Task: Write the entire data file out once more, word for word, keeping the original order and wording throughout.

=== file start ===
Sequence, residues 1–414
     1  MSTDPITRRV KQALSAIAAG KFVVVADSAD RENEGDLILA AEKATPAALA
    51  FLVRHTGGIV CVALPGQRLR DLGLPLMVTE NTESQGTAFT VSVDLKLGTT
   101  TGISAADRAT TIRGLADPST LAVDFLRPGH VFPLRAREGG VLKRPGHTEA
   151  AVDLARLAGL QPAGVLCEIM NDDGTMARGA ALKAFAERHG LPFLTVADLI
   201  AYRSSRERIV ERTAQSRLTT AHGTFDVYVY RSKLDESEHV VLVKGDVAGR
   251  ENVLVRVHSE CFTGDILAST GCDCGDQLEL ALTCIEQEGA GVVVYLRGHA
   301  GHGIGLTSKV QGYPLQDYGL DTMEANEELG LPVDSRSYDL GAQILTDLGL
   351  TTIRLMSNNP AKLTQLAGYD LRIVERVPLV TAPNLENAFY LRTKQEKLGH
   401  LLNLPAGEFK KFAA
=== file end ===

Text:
Sequence, residues 1–414
     1  MSTDPITRRV KQALSAIAAG KFVVVADSAD RENEGDLILA AEKATPAALA
    51  FLVRHTGGIV CVALPGQRLR DLGLPLMVTE NTESQGTAFT VSVDLKLGTT
   101  TGISAADRAT TIRGLADPST LAVDFLRPGH VFPLRAREGG VLKRPGHTEA
   151  AVDLARLAGL QPAGVLCEIM NDDGTMARGA ALKAFAERHG LPFLTVADLI
   201  AYRSSRERIV ERTAQSRLTT AHGTFDVYVY RSKLDESEHV VLVKGDVAGR
   251  ENVLVRVHSE CFTGDILAST GCDCGDQLEL ALTCIEQEGA GVVVYLRGHA
   301  GHGIGLTSKV QGYPLQDYGL DTMEANEELG LPVDSRSYDL GAQILTDLGL
   351  TTIRLMSNNP AKLTQLAGYD LRIVERVPLV TAPNLENAFY LRTKQEKLGH
   401  LLNLPAGEFK KFAA